Fighting in Cuban Waters/Chapter 29



"We are lost!"

"That ship will cut us in half!"

"Give her a broadside, boys, before we go down!"

These and a hundred other cries rang out, as the Vizcaya came leaping over the waves on her awful mission of death and destruction. Then gun after gun roared out, sending shot and shell on the enemy s deck. If this was their last hour on earth, these brave jackies were going to make the most of it.

But commodore, captain, and executive officer were all on the alert and were not to be caught napping. As the Vizcaya came on, the necessary orders were given, and the Brooklyn began to turn in a twelve-point circle to starboard. Like a flash she swept past the warship dashing on to destroy her, and then the command rang out, "Give her another broadside!" And the port guns, twenty in number, vomited out their death-dealing shots and shells, raking the Spanish deck from end to end, and killing and wounding a great number of sailors and officers. To this awful fire was added that from the Oregon, which now came up to assist the flagship. Realizing that the plan to ram the Brooklyn was a failure, the Vizcaya started west ward once more.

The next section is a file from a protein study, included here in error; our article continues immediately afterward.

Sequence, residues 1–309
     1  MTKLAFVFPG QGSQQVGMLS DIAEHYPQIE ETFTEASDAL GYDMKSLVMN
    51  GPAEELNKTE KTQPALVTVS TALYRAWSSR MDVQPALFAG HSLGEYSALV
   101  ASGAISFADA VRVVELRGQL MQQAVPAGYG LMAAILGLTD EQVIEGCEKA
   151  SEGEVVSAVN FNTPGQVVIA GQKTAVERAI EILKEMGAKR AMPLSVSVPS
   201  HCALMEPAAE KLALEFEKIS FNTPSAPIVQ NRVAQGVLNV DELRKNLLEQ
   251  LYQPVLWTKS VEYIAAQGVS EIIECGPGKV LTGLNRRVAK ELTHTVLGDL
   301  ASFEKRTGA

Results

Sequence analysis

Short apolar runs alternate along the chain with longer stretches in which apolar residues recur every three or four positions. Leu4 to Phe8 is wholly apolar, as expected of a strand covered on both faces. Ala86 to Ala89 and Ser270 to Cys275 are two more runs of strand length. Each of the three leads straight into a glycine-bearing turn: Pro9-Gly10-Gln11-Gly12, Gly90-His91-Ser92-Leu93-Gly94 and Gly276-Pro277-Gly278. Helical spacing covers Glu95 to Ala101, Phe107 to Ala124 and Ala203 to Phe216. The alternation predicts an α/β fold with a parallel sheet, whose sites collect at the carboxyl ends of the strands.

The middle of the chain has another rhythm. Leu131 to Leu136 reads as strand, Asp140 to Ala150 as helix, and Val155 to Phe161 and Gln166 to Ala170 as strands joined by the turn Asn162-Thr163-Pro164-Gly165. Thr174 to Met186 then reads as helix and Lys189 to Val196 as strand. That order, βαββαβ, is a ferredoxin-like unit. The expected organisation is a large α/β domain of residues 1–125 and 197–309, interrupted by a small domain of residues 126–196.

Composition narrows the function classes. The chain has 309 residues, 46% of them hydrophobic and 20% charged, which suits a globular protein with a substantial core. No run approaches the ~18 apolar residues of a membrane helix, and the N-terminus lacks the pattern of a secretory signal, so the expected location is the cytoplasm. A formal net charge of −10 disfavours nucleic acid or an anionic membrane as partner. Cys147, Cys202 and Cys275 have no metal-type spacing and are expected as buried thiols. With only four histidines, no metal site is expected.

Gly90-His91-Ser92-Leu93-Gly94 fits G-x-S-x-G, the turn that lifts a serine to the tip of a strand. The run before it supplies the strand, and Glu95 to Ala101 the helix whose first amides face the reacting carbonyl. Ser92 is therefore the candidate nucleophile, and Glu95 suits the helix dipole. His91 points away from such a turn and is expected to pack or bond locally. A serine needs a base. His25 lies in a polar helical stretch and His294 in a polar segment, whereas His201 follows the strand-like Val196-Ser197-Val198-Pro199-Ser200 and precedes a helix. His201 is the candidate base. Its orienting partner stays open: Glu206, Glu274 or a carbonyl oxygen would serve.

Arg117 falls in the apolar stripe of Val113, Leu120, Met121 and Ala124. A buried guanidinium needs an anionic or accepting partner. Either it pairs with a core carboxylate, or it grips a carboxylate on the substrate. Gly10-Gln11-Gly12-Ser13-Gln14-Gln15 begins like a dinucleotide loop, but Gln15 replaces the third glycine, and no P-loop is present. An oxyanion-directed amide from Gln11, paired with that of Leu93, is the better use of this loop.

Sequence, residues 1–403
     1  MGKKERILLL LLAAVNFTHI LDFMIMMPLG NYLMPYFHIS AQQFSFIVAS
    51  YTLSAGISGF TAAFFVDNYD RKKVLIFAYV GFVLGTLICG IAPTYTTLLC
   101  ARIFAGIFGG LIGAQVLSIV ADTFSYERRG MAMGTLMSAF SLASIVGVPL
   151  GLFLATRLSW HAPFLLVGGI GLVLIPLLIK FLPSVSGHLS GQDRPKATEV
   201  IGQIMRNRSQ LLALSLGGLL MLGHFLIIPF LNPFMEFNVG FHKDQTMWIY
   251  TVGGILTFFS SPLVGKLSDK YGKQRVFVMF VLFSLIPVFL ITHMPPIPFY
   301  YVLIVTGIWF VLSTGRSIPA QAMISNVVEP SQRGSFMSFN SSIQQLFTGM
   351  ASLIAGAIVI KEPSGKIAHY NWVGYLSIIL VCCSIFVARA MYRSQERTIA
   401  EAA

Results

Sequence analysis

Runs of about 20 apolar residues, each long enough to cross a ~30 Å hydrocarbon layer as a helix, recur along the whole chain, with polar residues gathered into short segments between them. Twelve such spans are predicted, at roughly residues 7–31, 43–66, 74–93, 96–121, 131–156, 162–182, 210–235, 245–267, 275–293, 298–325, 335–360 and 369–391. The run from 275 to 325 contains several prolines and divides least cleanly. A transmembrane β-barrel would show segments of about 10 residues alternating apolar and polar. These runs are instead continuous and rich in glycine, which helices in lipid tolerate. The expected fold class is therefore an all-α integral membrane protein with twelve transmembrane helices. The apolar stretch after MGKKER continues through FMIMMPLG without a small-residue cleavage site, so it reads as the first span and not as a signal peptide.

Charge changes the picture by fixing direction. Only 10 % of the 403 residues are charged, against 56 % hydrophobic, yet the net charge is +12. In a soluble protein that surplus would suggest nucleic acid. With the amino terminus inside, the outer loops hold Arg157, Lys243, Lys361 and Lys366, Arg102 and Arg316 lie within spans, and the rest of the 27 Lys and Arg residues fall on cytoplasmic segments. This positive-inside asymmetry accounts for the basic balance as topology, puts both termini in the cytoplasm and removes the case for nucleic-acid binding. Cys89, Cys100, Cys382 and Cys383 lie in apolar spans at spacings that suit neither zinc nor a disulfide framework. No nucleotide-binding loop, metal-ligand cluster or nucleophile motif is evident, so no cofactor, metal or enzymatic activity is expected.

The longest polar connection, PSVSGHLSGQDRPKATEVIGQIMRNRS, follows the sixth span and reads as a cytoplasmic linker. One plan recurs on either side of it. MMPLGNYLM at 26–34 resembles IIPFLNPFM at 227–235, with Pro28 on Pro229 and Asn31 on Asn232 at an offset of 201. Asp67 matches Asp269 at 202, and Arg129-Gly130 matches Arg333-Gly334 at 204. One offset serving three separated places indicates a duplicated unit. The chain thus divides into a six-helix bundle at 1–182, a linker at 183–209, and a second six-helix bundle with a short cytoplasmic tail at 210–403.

It was now high time to turn attention to the two torpedo-boat destroyers, Pluton and Furor, that were coming out of the harbor at a speed of twenty knots per hour. Once these destroyers gained the open sea, to catch them would be impossible. Like long, steel arrows glistening in the sunlight, they darted through the greenish waves and for a moment hid themselves behind their big sisters.

Then on came the Gloucester, a converted yacht, commanded by Lieutenant Wainwright. Wainwright had been executive officer of the Maine when she was blown up in Havana Harbor, and had vowed more than once to sink something if only he were given a chance. Like an avenging angel the Gloucester, but lightly armed, bore down upon the torpedo boats and sent shot after shot into them. Then the destroyers began to turn, as if to sink the little enemy who dared to molest them, but now it was too late, —the big warships were coming to the Gloucester's aid.